Emily giving safety briefing - Credit Sperry
Having spent a decade at sea, exploring plastic pollution from the tropics to the Arctic, Emily Penn will join us in King’s Lynn to share her adventures connecting her scientific insights from eXXpedition to upstream solutions on land.
Tell us a bit about your background – what sparked your career change from architect to ocean advocate?
My journey to tackle plastic pollution began over 10 years ago, when I hitchhiked around the world on a biofuelled boat to get to a new job in Australia after my architecture training. It was a job I didn't end up taking. Instead, shocked by finding plastic in some of the most remote places on our planet, I chose to live on a group of Pacific islands for six months to organise a community clean up. Since then, I have travelled all over the world studying plastic pollution and empowering others to make a positive impact and in 2014, I co-founded eXXpedition – organising all-women voyages with a focus on plastic and toxic pollution in the ocean.
What inspired you to start eXXpedition?
Ultimately, I’ve been on a mission to make the unseen, seen. Ocean plastic for a long time was ‘out of sight, out of mind’. I realised how powerful my own first-hand experience witnessing the impact of plastic pollution had been in motivating me to tackle it and I wanted to share that opportunity with as many people as possible so they could become changemakers back on land.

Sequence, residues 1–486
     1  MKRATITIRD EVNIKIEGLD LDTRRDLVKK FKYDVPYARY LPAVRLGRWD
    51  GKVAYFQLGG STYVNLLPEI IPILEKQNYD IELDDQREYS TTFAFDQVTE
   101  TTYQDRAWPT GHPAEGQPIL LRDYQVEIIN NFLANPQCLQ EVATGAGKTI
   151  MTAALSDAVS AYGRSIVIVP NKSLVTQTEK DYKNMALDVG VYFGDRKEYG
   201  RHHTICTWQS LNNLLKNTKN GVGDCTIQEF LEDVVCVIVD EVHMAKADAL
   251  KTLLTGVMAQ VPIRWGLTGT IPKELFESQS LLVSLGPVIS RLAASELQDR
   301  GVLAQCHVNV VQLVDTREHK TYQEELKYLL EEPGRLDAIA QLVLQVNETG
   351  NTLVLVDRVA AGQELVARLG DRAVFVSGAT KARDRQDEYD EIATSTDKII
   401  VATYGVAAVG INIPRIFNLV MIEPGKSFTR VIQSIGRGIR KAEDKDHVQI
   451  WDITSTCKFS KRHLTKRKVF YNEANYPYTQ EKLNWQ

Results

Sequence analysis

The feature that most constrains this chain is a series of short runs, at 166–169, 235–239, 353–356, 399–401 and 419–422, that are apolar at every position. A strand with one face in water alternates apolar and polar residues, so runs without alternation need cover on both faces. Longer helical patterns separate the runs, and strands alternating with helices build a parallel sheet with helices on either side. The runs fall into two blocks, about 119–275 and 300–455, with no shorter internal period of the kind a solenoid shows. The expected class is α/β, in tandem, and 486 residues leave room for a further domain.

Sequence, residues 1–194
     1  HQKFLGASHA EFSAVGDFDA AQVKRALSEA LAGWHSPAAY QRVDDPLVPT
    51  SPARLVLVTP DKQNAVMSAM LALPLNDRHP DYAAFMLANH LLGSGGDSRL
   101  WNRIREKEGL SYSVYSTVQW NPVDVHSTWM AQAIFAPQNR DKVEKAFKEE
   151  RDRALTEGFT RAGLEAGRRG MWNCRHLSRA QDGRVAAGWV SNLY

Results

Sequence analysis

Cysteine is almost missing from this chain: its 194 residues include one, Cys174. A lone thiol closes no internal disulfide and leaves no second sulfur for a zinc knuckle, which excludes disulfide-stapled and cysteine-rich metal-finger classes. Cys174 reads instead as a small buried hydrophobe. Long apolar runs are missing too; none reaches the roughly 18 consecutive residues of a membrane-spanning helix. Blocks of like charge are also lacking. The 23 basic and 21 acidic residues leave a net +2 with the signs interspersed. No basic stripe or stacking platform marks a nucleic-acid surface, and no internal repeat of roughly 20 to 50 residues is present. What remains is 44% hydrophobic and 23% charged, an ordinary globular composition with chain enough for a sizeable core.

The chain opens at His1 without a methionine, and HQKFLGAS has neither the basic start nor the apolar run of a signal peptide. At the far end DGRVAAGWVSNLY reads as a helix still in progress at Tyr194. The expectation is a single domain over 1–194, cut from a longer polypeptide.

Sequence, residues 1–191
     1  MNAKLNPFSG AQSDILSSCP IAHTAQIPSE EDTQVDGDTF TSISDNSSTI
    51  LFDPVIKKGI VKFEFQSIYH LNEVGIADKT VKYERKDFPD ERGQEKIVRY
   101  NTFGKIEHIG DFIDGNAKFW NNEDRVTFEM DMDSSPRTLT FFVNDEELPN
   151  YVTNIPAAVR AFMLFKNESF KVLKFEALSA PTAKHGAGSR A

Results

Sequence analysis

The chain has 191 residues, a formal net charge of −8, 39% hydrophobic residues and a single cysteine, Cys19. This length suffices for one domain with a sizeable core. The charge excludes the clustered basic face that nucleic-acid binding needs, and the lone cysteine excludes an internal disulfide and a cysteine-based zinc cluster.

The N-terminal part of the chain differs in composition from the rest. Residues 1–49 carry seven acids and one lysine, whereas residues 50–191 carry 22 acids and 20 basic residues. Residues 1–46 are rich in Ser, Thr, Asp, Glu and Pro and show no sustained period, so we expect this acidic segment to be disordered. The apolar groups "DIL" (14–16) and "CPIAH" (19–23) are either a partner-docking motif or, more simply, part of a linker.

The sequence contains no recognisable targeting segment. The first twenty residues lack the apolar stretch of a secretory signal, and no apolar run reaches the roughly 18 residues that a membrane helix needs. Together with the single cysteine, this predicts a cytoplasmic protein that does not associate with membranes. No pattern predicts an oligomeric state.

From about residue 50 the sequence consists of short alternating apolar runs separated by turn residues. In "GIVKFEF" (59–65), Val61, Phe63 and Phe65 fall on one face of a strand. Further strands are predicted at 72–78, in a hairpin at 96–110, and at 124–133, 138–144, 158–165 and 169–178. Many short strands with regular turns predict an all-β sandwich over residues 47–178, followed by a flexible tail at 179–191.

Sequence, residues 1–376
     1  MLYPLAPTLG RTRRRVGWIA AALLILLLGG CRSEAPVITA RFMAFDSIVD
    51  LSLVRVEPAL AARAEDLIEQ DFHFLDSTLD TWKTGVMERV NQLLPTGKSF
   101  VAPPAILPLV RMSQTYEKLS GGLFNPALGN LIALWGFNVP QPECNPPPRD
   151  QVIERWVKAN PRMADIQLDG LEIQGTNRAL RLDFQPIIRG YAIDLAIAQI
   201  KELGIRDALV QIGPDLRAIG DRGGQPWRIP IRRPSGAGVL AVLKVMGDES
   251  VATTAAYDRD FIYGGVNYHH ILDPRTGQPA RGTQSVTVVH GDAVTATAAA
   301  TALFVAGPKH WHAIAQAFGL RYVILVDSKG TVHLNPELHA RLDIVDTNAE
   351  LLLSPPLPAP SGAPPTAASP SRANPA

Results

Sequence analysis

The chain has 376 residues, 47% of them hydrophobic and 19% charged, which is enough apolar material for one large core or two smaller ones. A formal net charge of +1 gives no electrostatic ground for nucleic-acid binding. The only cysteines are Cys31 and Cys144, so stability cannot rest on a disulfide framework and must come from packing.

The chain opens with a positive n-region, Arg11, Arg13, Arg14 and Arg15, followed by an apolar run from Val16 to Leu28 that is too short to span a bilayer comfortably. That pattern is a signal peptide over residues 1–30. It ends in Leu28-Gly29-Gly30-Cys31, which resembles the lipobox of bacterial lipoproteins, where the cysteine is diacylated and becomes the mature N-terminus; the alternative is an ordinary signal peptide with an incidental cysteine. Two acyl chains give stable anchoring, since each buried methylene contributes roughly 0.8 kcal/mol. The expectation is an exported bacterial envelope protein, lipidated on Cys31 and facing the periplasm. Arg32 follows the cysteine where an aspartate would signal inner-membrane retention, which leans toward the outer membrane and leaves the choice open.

After a study to see whether the chemicals we were finding at sea might also be in my body, it turned out that I had 29 of 35 banned toxic chemicals in my blood. This raised more questions than answers and it was clear much more research into microplastics was urgently needed. That, and the impact these chemicals have on our health - having those chemicals inside your body when you are pregnant is really bad news as you can pass them onto your children when you give birth. So, I decided to tackle it with an amazing team of women, who are still so underrepresented in science, sailing and exploration, and eXXpedition was born.
Over the course of your many scientific research missions that you have led since 2014, have you come across anything surprising or unexpected?
Once we have collected our microplastic samples we bring them on board to analyse them and use our Perkin Elmer FTIR to identify the polymer type which informs us of what the plastic may have been used for before it got broken down. The biggest surprise has been how varied the types of plastic are, and indicates pollution comes from many different sources, which means the solutions need to be varied too.
What can audiences expect from your talk?
I will take the audience on a journey… from my first trip on the high seas discovering the issue of plastic pollution, to living on low lying islands dealing with unexpected challenges and then going on to set up eXXpedition. I will share the ups and downs of following my gut to explore and understand these global issues while driving awareness and inspiring action to solve them. Expect to come away with some tips to use your superpower to make a difference!
Scientific research and tackling plastic pollution are clearly something you are very passionate about, is there a take home message that you would like audiences to come away with?
The more time I spend at sea, the more I realise that the solutions to ocean plastic are on land. Every bottle and toothbrush polluting the ocean once belonged to someone. It's billions of microactions that have led us to this situation and it's billions of microactions that will get us out. We don’t need everyone to do everything, but we need everyone to do something. Let’s get started!
Tickets for Emily’s talk, Navigating our way towards a plastic-free ocean, are on sale now.
21 November, St George's Guildhall, King’s Lynn: Book now